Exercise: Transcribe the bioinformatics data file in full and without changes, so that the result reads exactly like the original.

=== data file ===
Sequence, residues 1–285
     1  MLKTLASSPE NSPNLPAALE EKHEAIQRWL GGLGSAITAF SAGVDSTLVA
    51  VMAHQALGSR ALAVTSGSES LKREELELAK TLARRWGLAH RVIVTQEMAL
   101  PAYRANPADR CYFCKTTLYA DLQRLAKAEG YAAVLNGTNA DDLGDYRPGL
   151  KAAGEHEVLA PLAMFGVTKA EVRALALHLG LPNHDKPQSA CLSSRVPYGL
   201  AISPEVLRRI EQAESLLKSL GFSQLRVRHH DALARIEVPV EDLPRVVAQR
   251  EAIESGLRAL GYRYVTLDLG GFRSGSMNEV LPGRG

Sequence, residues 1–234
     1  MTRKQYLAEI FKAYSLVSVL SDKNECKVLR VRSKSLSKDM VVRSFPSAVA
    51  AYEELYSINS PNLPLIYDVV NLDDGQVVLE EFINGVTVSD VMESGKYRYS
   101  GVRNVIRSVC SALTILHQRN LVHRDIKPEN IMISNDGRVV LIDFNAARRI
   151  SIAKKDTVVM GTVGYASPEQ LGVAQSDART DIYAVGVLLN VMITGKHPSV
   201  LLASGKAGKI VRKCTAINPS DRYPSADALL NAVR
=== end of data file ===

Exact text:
Sequence, residues 1–285
     1  MLKTLASSPE NSPNLPAALE EKHEAIQRWL GGLGSAITAF SAGVDSTLVA
    51  VMAHQALGSR ALAVTSGSES LKREELELAK TLARRWGLAH RVIVTQEMAL
   101  PAYRANPADR CYFCKTTLYA DLQRLAKAEG YAAVLNGTNA DDLGDYRPGL
   151  KAAGEHEVLA PLAMFGVTKA EVRALALHLG LPNHDKPQSA CLSSRVPYGL
   201  AISPEVLRRI EQAESLLKSL GFSQLRVRHH DALARIEVPV EDLPRVVAQR
   251  EAIESGLRAL GYRYVTLDLG GFRSGSMNEV LPGRG

Sequence, residues 1–234
     1  MTRKQYLAEI FKAYSLVSVL SDKNECKVLR VRSKSLSKDM VVRSFPSAVA
    51  AYEELYSINS PNLPLIYDVV NLDDGQVVLE EFINGVTVSD VMESGKYRYS
   101  GVRNVIRSVC SALTILHQRN LVHRDIKPEN IMISNDGRVV LIDFNAARRI
   151  SIAKKDTVVM GTVGYASPEQ LGVAQSDART DIYAVGVLLN VMITGKHPSV
   201  LLASGKAGKI VRKCTAINPS DRYPSADALL NAVR